'Here, take 'em away; run with 'em into the bedroom; anywhere,' said Miss La Creevy. 'Dear, dear; to think that I should be late on this particular morning, of all others, after being ready for three weeks by half-past eight o'clock, and not a soul coming near the place!'

'Don't let me put you out of the way,' said a voice Miss La Creevy knew. 'I told the servant not to mention my name, because I wished to surprise you.'

'Mr Nicholas!' cried Miss La Creevy, starting in great astonishment. 'You have not forgotten me, I see,' replied Nicholas, extending his hand.

'Why, I think I should even have known you if I had met you in the street,' said Miss La Creevy, with a smile. 'Hannah, another cup and saucer. Now, I'll tell you what, young man; I'll trouble you not to repeat the impertinence you were guilty of, on the morning you went away.'

'You would not be very angry, would you?' asked Nicholas.

'Wouldn't I!' said Miss La Creevy. 'You had better try; that's all!'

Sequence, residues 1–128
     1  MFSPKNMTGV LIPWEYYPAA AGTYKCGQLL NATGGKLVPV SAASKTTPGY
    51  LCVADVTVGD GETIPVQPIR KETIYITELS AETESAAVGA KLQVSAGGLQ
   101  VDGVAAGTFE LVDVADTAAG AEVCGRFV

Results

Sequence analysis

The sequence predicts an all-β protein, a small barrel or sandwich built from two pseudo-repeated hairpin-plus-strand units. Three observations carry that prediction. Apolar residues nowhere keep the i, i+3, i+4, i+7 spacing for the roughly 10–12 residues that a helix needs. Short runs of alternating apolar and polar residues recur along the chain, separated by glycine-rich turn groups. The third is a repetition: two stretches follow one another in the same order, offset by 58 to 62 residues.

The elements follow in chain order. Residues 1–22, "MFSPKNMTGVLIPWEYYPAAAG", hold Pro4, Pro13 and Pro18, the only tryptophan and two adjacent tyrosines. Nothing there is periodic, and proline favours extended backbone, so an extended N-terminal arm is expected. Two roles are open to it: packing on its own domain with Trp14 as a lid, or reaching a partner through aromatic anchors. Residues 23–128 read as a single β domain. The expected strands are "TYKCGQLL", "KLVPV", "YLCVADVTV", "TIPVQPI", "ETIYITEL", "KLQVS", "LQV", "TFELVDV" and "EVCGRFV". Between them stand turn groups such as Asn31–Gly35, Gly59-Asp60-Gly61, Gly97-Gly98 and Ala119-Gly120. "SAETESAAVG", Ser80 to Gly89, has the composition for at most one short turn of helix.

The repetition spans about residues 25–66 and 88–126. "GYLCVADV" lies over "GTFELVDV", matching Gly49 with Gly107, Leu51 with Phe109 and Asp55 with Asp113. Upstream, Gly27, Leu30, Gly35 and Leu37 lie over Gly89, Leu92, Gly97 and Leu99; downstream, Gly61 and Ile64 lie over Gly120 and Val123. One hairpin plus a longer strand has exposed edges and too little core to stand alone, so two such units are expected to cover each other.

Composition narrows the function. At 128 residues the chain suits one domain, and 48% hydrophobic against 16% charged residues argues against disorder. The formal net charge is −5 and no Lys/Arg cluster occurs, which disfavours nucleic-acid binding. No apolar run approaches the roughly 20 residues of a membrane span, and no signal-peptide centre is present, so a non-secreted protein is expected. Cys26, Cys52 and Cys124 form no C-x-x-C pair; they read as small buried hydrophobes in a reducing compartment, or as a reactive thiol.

Nicholas, with becoming gallantry, immediately took Miss La Creevy at her word, who uttered a faint scream and slapped his face; but it was not a very hard slap, and that's the truth.

'I never saw such a rude creature!' exclaimed Miss La Creevy.

'You told me to try,' said Nicholas.

'Well; but I was speaking ironically,' rejoined Miss La Creevy.

'Oh! that's another thing,' said Nicholas; 'you should have told me that, too.'

'I dare say you didn't know, indeed!' retorted Miss La Creevy. 'But, now I look at you again, you seem thinner than when I saw you last, and your face is haggard and pale. And how come you to have left Yorkshire?'

She stopped here; for there was so much heart in her altered tone and manner, that Nicholas was quite moved.

'I need look somewhat changed,' he said, after a short silence; 'for I have undergone some suffering, both of mind and body, since I left London. I have been very poor, too, and have even suffered from want.'

'Good Heaven, Mr Nicholas!' exclaimed Miss La Creevy, 'what are you telling me?'